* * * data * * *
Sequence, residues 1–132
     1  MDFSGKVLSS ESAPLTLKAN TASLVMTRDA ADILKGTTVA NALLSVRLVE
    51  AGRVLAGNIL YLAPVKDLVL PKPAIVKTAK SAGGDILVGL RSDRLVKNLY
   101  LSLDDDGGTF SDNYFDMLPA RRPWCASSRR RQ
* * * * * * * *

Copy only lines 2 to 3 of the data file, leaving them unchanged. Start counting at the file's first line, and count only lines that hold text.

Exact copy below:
     1  MDFSGKVLSS ESAPLTLKAN TASLVMTRDA ADILKGTTVA NALLSVRLVE
    51  AGRVLAGNIL YLAPVKDLVL PKPAIVKTAK SAGGDILVGL RSDRLVKNLY